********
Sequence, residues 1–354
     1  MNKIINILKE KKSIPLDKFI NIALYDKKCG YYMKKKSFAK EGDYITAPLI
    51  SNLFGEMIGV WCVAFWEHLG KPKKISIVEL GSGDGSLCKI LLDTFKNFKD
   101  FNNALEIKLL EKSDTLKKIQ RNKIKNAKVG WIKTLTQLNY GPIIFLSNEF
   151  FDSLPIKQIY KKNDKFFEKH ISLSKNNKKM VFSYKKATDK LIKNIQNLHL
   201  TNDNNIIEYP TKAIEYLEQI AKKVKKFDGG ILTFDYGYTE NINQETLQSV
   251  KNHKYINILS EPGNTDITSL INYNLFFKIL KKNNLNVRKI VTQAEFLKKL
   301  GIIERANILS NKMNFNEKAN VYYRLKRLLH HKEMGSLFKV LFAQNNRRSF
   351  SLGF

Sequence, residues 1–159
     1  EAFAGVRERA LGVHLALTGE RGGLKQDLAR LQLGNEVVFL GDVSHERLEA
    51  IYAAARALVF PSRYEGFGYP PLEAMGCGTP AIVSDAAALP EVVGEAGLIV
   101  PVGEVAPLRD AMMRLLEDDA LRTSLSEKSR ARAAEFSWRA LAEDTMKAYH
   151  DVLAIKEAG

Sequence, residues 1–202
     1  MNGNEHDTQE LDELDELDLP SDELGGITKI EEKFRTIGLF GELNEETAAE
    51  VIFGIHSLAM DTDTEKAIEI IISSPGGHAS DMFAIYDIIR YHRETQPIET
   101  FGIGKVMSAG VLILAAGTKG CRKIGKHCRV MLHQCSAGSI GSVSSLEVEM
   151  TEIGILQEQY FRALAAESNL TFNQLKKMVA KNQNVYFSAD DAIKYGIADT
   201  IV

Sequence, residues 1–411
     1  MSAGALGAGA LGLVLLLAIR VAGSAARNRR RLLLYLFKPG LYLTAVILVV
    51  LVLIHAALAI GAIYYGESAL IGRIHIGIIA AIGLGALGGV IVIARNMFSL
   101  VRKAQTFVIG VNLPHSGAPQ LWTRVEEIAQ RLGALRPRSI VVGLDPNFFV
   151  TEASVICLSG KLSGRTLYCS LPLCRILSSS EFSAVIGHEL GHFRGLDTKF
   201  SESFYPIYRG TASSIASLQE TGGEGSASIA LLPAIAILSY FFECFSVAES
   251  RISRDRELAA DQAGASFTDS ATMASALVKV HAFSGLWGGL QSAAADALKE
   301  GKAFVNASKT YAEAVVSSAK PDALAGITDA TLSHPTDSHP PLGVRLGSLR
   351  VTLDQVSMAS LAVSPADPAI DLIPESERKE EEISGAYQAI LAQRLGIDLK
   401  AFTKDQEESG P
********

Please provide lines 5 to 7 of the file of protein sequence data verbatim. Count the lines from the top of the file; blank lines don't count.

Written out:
   151  FDSLPIKQIY KKNDKFFEKH ISLSKNNKKM VFSYKKATDK LIKNIQNLHL
   201  TNDNNIIEYP TKAIEYLEQI AKKVKKFDGG ILTFDYGYTE NINQETLQSV
   251  KNHKYINILS EPGNTDITSL INYNLFFKIL KKNNLNVRKI VTQAEFLKKL